South Africa will increasingly move towards nurse-initiated treatment for multidrug-resistant tuberculosis (MDR-TB) in the next five years, and a programme in KwaZulu-Natal Province, which has a high HIV/TB burden, is already training nurses to manage MDR-TB patients.
Faced with a chronic shortage of doctors, South Africa moved to nurse-initiated antiretroviral treatment (NiMart) in April 2010. Now, government plans to roll out nurse-initiated MDR-TB treatment, and to make it and NiMart available at all primary healthcare, antenatal, TB and mobile outreach clinics by 2016, according to the National Strategic Plan on HIV, STIs [sexually transmitted infections] and TB.
In KwaZulu-Natal province, a programme run by the US-based Johns Hopkins University has already trained at least 70 nurses in MDR-TB treatment initiation and care.
Preliminary research, released at the South African TB Conference, in Durban, showed that outcomes in patients initiated and monitored by these nurses were as good, and sometimes better, than those under a doctor’s care.
The research presented by Dr Jason Farley of Johns Hopkins compared the early outcomes of about 90 MDR-TB patients who had been assigned to one of two groups. Those in poorer health, or who were HIV-positive with low CD4 counts (indicating a weakened immune system) were initiated and monitored by a doctor. Nurses initiated those in better health, or who were HIV-positive but with higher CD4 counts.
Culture conversion rates - the number of patients with two consecutive TB-free sputum cultures - were the same in both groups, but nurse-initiated and -managed patients tended to reach culture conversion about two weeks sooner than those under a doctor’s care, and were also more likely to be routinely checked for adverse reactions to their drugs.
About a third of all MDR-TB patients diagnosed in 2011 never received treatment, according to figures presented by Dr Norbert Ndjeka, director of Drug-resistant TB, TB and HIV at the South African National Department of Health.
Before the publication of new guidelines for drug-resistant TB in August 2011, MDR-TB patients could only be initiated on treatment after being admitted to a TB hospital, but a lack of beds in these facilities contributed to long MDR-TB treatment waiting lists, Ndjeka said.
How they do it
Johns Hopkins has adapted a chronic care model in its training programme for nurses, Farley said. It is centred on five key aspects, including patient self-management strategies, community resources, and treatment delivery. The model has been tested in more than 500 health facilities worldwide.
Nurses receive a one-week intensive, case-based course in the theory of MDR-TB and its treatment before starting three months of clinical mentoring, including training in physical examinations, a one-week refresher course on HIV, and six weeks of in-service training in MDR-TB wards at major hospitals.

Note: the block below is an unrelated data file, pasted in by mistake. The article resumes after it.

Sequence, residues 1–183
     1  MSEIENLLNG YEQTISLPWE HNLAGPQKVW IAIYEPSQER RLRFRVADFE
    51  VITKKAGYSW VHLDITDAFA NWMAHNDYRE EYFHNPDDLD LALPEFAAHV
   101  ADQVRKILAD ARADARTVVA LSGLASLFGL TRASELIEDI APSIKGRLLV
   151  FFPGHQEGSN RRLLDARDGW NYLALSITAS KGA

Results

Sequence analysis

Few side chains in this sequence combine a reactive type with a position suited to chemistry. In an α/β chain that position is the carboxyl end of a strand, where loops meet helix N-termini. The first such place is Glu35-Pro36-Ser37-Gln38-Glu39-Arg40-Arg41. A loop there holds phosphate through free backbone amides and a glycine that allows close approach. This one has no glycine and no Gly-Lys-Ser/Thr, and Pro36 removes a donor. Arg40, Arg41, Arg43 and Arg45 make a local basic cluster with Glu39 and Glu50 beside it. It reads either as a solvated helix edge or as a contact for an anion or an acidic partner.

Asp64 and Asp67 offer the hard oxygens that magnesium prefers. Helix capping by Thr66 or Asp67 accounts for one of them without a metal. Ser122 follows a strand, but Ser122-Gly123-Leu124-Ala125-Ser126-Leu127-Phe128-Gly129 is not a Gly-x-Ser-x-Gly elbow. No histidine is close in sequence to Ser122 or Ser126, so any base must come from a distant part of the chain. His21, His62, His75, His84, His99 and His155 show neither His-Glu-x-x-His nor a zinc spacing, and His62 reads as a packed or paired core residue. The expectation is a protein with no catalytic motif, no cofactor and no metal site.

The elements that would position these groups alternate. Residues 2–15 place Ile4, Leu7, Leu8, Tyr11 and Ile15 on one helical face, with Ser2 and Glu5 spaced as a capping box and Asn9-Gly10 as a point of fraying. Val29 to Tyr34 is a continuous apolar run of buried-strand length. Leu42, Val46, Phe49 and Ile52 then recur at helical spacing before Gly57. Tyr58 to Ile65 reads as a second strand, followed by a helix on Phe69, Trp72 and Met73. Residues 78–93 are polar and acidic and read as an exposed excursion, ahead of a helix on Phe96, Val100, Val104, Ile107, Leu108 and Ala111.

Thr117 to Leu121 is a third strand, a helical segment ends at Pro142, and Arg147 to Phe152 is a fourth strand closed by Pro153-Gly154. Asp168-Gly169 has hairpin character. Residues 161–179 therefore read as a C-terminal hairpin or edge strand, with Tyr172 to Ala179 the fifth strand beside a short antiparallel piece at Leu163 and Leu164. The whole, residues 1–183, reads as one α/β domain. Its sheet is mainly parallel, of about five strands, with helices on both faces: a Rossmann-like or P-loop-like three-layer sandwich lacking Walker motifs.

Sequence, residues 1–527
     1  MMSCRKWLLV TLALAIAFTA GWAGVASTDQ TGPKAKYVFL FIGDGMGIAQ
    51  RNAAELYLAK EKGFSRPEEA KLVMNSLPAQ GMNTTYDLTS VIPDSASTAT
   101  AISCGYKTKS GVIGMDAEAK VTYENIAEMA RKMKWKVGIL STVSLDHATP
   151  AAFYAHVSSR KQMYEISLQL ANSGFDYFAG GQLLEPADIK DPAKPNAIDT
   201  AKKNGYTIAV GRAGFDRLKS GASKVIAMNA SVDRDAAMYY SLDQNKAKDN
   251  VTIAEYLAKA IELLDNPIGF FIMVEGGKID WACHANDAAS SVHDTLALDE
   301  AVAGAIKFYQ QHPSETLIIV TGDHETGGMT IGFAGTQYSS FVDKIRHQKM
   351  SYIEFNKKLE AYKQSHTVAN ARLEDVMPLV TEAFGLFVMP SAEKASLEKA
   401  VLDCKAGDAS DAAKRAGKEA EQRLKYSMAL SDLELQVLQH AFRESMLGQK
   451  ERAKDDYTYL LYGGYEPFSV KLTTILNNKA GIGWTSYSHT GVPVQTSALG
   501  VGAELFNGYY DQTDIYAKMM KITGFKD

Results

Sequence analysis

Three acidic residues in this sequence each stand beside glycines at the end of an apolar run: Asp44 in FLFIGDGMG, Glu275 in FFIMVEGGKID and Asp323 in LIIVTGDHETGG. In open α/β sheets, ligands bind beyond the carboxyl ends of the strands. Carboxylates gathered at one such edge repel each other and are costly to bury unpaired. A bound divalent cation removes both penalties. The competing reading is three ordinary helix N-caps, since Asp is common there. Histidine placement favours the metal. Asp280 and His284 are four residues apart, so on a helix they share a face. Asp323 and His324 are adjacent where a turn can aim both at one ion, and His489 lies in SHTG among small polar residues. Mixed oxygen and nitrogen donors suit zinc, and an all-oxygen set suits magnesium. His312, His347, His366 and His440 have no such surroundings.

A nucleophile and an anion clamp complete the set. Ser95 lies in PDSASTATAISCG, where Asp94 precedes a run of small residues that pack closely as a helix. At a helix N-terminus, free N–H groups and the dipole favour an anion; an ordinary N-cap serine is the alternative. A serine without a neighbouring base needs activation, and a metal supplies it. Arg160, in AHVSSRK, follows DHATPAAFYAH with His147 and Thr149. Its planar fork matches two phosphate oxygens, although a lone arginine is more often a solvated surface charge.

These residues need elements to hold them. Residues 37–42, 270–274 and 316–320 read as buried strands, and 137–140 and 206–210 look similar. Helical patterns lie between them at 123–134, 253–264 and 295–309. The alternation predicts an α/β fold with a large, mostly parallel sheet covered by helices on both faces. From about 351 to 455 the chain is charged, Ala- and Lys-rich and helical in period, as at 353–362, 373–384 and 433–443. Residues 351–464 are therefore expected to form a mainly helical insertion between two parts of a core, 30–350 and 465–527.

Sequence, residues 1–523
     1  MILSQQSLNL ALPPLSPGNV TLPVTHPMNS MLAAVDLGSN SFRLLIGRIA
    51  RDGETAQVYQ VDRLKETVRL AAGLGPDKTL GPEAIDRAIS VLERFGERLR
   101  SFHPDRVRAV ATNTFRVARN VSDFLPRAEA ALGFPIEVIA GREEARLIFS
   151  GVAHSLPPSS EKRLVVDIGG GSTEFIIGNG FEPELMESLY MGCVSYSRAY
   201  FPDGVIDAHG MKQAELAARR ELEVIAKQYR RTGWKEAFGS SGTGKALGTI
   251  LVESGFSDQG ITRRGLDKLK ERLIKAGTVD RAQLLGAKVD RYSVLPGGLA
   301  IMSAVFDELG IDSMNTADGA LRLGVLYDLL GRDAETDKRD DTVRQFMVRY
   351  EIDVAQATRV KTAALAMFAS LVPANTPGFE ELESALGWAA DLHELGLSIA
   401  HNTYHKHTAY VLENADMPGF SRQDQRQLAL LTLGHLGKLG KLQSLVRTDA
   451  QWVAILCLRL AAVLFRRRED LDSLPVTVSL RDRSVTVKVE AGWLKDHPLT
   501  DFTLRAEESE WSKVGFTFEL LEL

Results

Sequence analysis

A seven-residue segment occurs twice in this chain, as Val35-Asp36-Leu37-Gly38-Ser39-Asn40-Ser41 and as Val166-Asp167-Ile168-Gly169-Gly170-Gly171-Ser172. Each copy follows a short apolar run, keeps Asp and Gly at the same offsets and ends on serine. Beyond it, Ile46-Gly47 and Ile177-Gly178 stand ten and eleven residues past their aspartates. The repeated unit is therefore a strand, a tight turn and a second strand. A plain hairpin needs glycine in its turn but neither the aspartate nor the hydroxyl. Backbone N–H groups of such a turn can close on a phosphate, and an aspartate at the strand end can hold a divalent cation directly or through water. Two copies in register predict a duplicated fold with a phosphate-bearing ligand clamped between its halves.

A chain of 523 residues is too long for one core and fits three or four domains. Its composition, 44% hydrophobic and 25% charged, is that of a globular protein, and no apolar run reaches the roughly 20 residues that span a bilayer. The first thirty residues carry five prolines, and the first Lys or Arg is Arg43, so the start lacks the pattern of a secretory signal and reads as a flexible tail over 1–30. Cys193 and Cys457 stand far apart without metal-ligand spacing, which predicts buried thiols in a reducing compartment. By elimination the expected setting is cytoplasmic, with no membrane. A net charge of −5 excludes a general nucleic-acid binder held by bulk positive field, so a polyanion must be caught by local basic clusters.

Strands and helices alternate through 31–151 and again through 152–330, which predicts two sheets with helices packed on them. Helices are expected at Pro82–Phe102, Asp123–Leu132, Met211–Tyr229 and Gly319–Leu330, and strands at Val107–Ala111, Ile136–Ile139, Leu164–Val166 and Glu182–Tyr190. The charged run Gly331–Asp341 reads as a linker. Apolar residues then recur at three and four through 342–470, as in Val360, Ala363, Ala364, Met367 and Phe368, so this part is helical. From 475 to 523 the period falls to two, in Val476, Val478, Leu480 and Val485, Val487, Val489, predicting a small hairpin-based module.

According to Farley, who presented information on the programme at the South African TB Conference, the training has exposed gaps in the current training of primary healthcare nurses - for instance, many have not been trained to interpret audiology reports.
Kanamycin, an injected drug that forms part of South Africa’s MDR-TB treatment regimens, must be administered to adults up to three times a week for six months. These injections are not only painful but can cause permanent hearing loss, leaving patients with the horrible choice of being dead or deaf, said Dr. Helen Cox of the international humanitarian medical organization, Médecins Sans Frontières (MSF).
MSF recently installed audiology booths in Khayelitsha, a township outside Cape Town to help monitor potential hearing loss in MDR-TB patients. A lay health worker was trained to do baseline tests to establish hearing capability when the patient starts the treatment, and an audiologist comes in to conduct follow-up testing on designated days each month.
Clinics in KwaZulu-Natal’s rural Udu district, where Farley works, have begun using tele-audiology to send hearing tests electronically to audiologists in larger centres for interpretation.
Johns Hopkins has also added laboratory monitoring and evaluation. “When lab results are obtained, often there are abnormalities. [A nurse’s] initial response is usually, ‘refer’,” Farley said. “Within the MDR-TB programme, we need to be able to triage, or determine what we can manage, and refer as appropriate.”
Ntombasekaya Mlandu was the first nurse in South Africa to begin initiating patients on MDR-TB treatment. She said her NiMart training on how to initiate and monitor ARV patients did not prepare her for MDR-TB.
“The only thing we knew in the NiMart is that when you faced even the slightest problem you would refer the patient to the hospital,” Mlandu told IRIN/PlusNews. “Now, with MDR-TB, most of the blood results I can manage… and if I do have a problem, there is a doctor to assist me.”
Following training, the nurses reported that they felt more confident about managing MDR-TB, but Farley said their confidence levels had probably risen because they gained real-world experience.
Mlandu had never worked in an MDR ward when she was selected for the Johns Hopkins programme. Now, she says, “Even if you wake me up in the middle of the night and say, ‘What is [the MDR-TB drug] ethionamide doing to the client?’ I will tell you that if the thyroid is enlarged, you better take the thyroid-stimulating hormone [levels] right there and then.”